Transcending Beloved Practices
I went in for my nightly meditation post drafting my prior post on how the "Enlightened" do not worship "mundane" deities. Under my meditation, I noticed my ego-identity didn't take kindly to the idea of leaving Krishna (Vishnu) and Shiva. In fact, I don't think I'll ever be able to fully in this ego-identity.
As I am further mediating, attempting to switch from "I Am" body presence-awareness to "I" surrounding-presence awareness, to "Emptiness" non-awareness, running my channels, and moving my feeling sensation from body-feeling to attempting to feel the empty-space surrounding each of my atoms, I tried to end up thought-free but messages kept coming through. (My own or beyond, I don't know?). Nonetheless, I had to write thereafter.
Do not be fully satisfied with creation where you may mistake it as perfection and stop creating, that is why Brahma as creator is not worshiped. Brahma is your root and sacral chakra, which are associated with metaphorically grounding and creating within fertile soil. Transcending Brahma would be to recognize my own ability to manifest properly through my lower chakras. Such would be the law of attraction teachings, which I'm going to call "Nature-Realization" because it is recognizing the laws of nature (Vedas). (Other teachers call it "Law of Attraction" or "Self-Actualization).
The Buddha said "thoughts create reality". So this would be the First Jewel of Buddhism, keeping the company of good thought. SANGHA. Mastery over Brahma.
Vishnu is the "Higher Self" and "Krishna" is the avatar of that "Higher Self. Vishnu is properly managing what has been created by Brahma. Transcending Vishnu (Krishna) would be to love all creation. Vishnu is the solar plexus and the heart chakra. The solar plexus is our "free-will" to make choices, so such choices should be made from the heart, as in compassionate. Follow Krishna's playful example.
The spoken word of Krishna in the Bhagavad-Gita describe most eloquently the Second Jewel of Buddhism in following one's own heart as "divine will". DHARMA. Mastery over Vishnu.
Shiva is the ability to transcend a situation. To transcend is to destroy a prior concept by simply moving beyond it. Shiva was the most difficult for me provided he is my favorite masculine archetype. Nonetheless, in meditation, I sensed ..."what do you think I represent, you're suppose to transcend me". The feeling was of a great congratulations and feeling of significant release.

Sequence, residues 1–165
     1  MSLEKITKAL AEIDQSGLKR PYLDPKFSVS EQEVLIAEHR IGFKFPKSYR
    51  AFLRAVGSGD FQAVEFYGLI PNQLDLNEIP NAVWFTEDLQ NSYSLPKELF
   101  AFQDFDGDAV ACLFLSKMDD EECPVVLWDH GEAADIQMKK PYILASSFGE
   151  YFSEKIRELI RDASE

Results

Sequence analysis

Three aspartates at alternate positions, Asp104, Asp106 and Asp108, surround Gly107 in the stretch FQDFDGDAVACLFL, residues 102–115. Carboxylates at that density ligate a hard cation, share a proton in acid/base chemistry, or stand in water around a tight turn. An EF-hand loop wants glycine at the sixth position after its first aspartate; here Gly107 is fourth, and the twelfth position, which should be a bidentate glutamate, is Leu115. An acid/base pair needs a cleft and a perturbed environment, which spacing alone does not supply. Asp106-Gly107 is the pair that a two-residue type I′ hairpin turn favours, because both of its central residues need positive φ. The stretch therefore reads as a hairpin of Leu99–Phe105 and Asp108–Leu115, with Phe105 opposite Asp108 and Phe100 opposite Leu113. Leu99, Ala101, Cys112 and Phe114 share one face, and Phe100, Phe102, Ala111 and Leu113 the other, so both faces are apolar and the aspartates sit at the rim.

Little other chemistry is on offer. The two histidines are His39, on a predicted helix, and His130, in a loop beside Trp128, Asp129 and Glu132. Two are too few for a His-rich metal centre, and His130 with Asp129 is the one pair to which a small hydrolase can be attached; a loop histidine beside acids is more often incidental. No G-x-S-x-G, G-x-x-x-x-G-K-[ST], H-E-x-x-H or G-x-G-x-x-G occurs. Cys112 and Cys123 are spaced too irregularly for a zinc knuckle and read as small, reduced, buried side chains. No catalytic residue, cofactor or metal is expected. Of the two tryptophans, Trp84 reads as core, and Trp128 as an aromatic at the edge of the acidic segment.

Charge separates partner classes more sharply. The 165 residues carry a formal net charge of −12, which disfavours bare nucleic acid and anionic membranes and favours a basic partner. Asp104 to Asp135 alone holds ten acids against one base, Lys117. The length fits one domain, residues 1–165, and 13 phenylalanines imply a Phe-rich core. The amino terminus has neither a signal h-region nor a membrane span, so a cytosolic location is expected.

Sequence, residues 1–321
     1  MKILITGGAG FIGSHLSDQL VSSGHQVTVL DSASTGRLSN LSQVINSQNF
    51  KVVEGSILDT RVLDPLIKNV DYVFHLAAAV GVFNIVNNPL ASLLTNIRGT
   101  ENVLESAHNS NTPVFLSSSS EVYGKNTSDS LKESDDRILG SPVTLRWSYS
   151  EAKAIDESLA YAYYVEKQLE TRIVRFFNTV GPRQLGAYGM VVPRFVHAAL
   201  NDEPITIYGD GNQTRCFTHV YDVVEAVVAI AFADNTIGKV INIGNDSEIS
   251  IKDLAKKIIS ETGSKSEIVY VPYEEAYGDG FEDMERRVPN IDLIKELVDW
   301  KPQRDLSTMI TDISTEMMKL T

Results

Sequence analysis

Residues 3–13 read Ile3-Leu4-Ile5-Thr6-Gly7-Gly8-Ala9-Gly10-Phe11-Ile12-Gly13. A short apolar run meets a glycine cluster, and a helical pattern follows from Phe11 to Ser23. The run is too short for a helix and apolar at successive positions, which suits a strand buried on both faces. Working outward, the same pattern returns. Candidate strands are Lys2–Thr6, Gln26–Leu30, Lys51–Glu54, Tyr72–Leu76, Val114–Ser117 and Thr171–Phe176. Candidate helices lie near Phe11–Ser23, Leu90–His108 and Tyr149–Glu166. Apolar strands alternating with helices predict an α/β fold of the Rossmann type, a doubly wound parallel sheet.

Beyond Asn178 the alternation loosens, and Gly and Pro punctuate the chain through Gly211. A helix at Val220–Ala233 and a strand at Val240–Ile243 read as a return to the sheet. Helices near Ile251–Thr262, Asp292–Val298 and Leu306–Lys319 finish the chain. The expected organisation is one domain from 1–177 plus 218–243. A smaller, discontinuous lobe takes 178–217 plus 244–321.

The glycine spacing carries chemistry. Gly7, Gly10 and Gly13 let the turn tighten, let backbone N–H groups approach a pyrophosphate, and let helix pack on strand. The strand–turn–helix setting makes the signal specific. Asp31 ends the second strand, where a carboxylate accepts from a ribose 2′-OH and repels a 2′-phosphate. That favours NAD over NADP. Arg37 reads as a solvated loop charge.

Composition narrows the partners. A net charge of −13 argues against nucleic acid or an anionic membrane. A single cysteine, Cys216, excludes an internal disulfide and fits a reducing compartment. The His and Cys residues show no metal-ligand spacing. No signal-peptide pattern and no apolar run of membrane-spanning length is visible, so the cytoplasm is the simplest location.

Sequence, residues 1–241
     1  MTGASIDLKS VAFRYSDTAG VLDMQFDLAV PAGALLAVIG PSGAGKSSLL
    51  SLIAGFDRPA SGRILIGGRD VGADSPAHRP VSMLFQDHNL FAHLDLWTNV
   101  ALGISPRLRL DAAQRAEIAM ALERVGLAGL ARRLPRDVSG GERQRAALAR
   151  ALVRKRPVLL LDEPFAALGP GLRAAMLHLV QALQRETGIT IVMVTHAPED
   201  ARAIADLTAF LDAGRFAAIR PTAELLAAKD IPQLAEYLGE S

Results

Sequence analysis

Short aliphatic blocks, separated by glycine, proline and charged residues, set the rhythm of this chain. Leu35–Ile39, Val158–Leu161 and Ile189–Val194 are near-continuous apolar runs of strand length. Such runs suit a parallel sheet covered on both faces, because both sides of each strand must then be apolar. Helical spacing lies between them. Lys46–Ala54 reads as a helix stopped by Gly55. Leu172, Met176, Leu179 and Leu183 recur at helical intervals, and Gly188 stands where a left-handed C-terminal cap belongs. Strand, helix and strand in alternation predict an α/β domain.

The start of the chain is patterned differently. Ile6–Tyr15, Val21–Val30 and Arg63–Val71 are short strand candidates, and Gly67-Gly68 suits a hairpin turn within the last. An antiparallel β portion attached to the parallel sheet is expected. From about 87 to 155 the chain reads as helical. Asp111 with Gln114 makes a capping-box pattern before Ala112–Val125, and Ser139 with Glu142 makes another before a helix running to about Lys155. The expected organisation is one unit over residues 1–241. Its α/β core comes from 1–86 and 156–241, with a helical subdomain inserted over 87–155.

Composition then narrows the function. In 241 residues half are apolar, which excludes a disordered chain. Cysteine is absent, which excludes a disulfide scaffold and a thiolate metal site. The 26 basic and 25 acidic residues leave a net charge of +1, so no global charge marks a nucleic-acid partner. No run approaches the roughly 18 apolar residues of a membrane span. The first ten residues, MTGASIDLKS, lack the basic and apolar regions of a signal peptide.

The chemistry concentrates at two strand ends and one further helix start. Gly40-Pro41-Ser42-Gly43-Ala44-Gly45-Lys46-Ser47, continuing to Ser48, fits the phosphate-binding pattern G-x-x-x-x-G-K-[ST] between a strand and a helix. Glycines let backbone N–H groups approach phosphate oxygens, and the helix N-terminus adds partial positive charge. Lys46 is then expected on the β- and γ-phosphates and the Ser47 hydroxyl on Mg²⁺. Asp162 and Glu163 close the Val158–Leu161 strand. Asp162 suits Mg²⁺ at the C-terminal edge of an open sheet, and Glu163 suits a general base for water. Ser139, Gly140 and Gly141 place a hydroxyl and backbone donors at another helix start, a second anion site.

Under the tradition of Shiva (Saivite), yogis do not worship Shiva in form (Hari; Name given to Vishnu) but as the formless (Hara) symbolized as the Lingam. Moreover, recognizing Shiva as myself, as "awareness" seems to be the gist of yogic (unification) philosophy/experiential meditation. Another words, I am these archetypes and I need to be "aware" of that. I am Brahma (Generator), I am Vishnu (Operator), and I am Shiva (Destroyer). G-O-D.
To accept that I am G-O-D, is a crazy pill to swallow and one my ego-identity needs to resolve. However, as the teachings of tantra describe, in identifying as "Awareness" you're identifying yourself as the "Higher Self". The "Higher Self" (Turya) according to the Siva Sutras is the master of being "aware" during three "witnessing" states of consciousness: 1) Waking; 2) Sleep; 3) Deep Sleep.
In Advaita Vedanta, Shiva is "Awareness" and Shakti is "Witness". The dance between Awareness-Witness, God-Goddess, Yin-Yang, Masculine-Feminine, Divine Will-Divine Love, we seek to find a balance, harmony.
This would be the Third Jewel of Buddhism. Like the Tao, words cannot truly describe, enlightenment. BUDDHA. Mastery over Shiva. As a "witness", mastery over "awareness". Realization of Self and Nature.
For transcendence: I take refuge in the Three Jewels. SANGHA. DHARMA. and BUDDHA.
(P.S. My definitions of the "Three Jewels" are different from main stream.)
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Overly educated and continuously exploring and revealing more behind the veil.
"It cannot be too highly emphasized that the mystic swims in the same waters in which the psychotic drowns."
-James Wasserman, The Mystery Traditions